For someone who doesn’t even have a Twitter account, I’ve encountered a lot of interesting tweets lately. Last week it was the By Age 35 thread and this week it was the tweet to the left from Comedy Central writer Jake Weisman about Jane Austen’s writing.
The tweet, as he may or may not have expected, stirred up a bit of a storm. Not by people who disagreed with the fact that Austen combined satire with spot-on social commentary, but that Weisman had felt the need to disparage the fact that her stories also included . . .gasp! . . . love and romance. The consensus seemed to be that he had read her work, enjoyed it, and was appalled that he might be thought to be a fan of romance.
As one responder tweeted:
“What if I told you her novels are sarcastic, satirical, AND romantic? That they can be all of those things? Stop trying to distance Austen from the romance genre to justify your appreciation of her work. It’s very telling.” ~ Ally@inaneenglish
The article on Upworthy that covered the tweet-storm appropriately pointed out:
“Because — spoiler alert — literature can be more than one thing. It can be both satire and romance. It can be both mystery and adventure. It can be both comedy and science fiction. Books can even be all those things at the same time.”
It was what followed in the Upworthy article after the initial series of tweets that really caught my attention (and led to this post).
“Clearly, Weisman’s tweet struck a nerve, and it’s not surprising. Often certain genres of books, like romance, are largely written off or seen as less than. Why? Because the people who most often write and read those books are women. . . [and] the publishing industry, like so many others, tends to be very male centered.”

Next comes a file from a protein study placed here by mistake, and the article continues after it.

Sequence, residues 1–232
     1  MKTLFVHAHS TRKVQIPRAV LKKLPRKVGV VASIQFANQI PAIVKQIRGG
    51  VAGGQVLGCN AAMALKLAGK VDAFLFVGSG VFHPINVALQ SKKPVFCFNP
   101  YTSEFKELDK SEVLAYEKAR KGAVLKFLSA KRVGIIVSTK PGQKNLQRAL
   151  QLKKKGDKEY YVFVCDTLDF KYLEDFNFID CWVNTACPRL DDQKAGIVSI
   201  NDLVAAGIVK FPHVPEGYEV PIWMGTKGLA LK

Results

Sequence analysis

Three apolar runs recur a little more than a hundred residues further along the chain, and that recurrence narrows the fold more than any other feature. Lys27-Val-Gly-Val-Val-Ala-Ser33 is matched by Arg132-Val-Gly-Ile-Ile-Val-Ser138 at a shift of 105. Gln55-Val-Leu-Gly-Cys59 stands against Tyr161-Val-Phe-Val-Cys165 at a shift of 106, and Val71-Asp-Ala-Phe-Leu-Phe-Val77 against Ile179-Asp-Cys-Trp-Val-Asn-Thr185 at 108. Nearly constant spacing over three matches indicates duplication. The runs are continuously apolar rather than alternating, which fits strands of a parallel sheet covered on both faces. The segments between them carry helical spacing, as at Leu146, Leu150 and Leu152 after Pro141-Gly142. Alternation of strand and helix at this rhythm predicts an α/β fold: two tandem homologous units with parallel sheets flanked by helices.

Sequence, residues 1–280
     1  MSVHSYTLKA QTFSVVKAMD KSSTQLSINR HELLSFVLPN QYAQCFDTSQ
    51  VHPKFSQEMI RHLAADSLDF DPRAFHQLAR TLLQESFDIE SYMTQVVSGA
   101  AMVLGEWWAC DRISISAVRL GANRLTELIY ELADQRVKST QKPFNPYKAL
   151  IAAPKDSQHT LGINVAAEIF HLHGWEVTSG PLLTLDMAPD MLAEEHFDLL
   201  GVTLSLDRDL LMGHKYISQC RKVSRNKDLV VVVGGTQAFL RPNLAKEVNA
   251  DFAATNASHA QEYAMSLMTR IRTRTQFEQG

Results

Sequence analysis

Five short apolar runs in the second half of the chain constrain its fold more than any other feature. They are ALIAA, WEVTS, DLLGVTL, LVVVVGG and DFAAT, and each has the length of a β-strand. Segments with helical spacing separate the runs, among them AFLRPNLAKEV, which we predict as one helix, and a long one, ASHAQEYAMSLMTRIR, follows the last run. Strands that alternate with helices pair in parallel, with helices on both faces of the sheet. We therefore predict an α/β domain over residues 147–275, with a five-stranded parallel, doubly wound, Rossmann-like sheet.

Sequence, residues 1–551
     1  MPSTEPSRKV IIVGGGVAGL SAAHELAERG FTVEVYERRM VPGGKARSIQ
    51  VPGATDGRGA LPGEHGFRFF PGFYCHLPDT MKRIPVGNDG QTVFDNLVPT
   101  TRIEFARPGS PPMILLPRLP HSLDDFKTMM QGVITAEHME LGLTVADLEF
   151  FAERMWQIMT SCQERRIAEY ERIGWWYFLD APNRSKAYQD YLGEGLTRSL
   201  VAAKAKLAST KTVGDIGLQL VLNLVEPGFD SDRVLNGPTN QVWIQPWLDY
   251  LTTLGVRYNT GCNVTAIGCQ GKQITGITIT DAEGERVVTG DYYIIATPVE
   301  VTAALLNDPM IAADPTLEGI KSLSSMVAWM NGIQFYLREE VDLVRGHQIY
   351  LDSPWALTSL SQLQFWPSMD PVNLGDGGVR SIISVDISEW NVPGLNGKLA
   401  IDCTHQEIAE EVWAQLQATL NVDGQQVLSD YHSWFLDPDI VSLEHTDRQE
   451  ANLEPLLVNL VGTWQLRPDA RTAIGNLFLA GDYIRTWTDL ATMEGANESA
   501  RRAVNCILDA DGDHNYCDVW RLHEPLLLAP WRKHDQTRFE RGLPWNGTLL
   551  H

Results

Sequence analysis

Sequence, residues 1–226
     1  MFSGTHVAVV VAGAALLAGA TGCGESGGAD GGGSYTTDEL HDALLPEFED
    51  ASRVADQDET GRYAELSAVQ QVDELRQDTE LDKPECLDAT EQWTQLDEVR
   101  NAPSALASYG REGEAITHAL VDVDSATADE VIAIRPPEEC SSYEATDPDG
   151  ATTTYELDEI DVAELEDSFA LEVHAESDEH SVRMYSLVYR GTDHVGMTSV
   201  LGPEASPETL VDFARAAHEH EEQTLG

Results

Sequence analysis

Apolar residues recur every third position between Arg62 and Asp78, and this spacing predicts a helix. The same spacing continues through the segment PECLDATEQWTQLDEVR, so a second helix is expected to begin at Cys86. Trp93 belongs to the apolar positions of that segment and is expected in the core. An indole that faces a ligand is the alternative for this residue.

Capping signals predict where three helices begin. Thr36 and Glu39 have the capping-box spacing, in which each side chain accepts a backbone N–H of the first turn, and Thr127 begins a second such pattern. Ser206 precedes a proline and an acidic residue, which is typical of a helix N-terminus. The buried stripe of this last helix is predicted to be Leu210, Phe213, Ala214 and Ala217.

Attacks on the romance genre are nothing new and they have shown no sign of abating, despite the genre’s continued strong sales, growth, and recession-proof performance over the years. When I was in a graduate writing program years ago (not the McDaniel program; that came later), both the instructors and participants definitely looked down on genre fiction. Science fiction and fantasy were looked at with disdain, but nothing was deplored more than love stories.
I’ll admit I said I wrote “character focused historical fiction” to avoid their judgey-attitudes. They, of course, were serious writers. Apparently, I still feel a little bit of hostility over that.
Even further back, I still have a copy of my high school yearbook where a friend said she had enjoyed knowing me but was “disappointed that I never got you to stop reading those romance novels.” In her view, science fiction was the only genre worth reading. We were destined never to agree on that.
The local independent bookstore that I was in the other day had about 75% of its shelf-space dedicated to “fiction”, 10% to “science fiction and mystery”, and a single 24” column of shelving dedicated to “romance”, which was predominately filled with Nora Robert’s titles. Considering what prolific readers my romance-reading friends are, that seemed particularly baffling.
When I attended my first Romance Writers of America conference in New York six or seven years ago, I only remember seeing one lone male writer among the sea of female writers. He was wearing a cowboy hat so he was hard to miss. When I later attended the conference in Atlanta, there were a few more men, and last year in Orlando, there was a definite male presence. I’ve also started to see more male writers (or at least writers with male names) showing up in romance book recommendations, so perhaps the attitude toward romance fiction is changing, at least for some men.
We’ll have to wait and see about that.
The Upworthy article raised one question that I have been thinking about myself; perhaps you can answer it for me.
Why are books written by women are often labeled “women’s fiction” but books written by men are just “fiction”?